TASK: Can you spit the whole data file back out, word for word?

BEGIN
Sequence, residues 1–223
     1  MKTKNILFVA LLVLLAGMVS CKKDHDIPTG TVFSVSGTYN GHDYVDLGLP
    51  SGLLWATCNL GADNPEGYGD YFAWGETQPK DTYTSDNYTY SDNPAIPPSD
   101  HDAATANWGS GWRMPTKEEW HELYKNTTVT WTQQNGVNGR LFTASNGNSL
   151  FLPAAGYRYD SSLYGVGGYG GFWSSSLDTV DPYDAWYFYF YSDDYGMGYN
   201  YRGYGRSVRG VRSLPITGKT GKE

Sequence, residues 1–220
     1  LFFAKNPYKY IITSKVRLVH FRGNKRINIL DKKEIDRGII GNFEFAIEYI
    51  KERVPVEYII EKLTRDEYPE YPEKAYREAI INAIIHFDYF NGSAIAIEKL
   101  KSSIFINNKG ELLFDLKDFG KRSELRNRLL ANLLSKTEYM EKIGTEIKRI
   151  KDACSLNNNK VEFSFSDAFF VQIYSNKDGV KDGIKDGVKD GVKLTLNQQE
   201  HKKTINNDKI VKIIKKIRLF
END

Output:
Sequence, residues 1–223
     1  MKTKNILFVA LLVLLAGMVS CKKDHDIPTG TVFSVSGTYN GHDYVDLGLP
    51  SGLLWATCNL GADNPEGYGD YFAWGETQPK DTYTSDNYTY SDNPAIPPSD
   101  HDAATANWGS GWRMPTKEEW HELYKNTTVT WTQQNGVNGR LFTASNGNSL
   151  FLPAAGYRYD SSLYGVGGYG GFWSSSLDTV DPYDAWYFYF YSDDYGMGYN
   201  YRGYGRSVRG VRSLPITGKT GKE

Sequence, residues 1–220
     1  LFFAKNPYKY IITSKVRLVH FRGNKRINIL DKKEIDRGII GNFEFAIEYI
    51  KERVPVEYII EKLTRDEYPE YPEKAYREAI INAIIHFDYF NGSAIAIEKL
   101  KSSIFINNKG ELLFDLKDFG KRSELRNRLL ANLLSKTEYM EKIGTEIKRI
   151  KDACSLNNNK VEFSFSDAFF VQIYSNKDGV KDGIKDGVKD GVKLTLNQQE
   201  HKKTINNDKI VKIIKKIRLF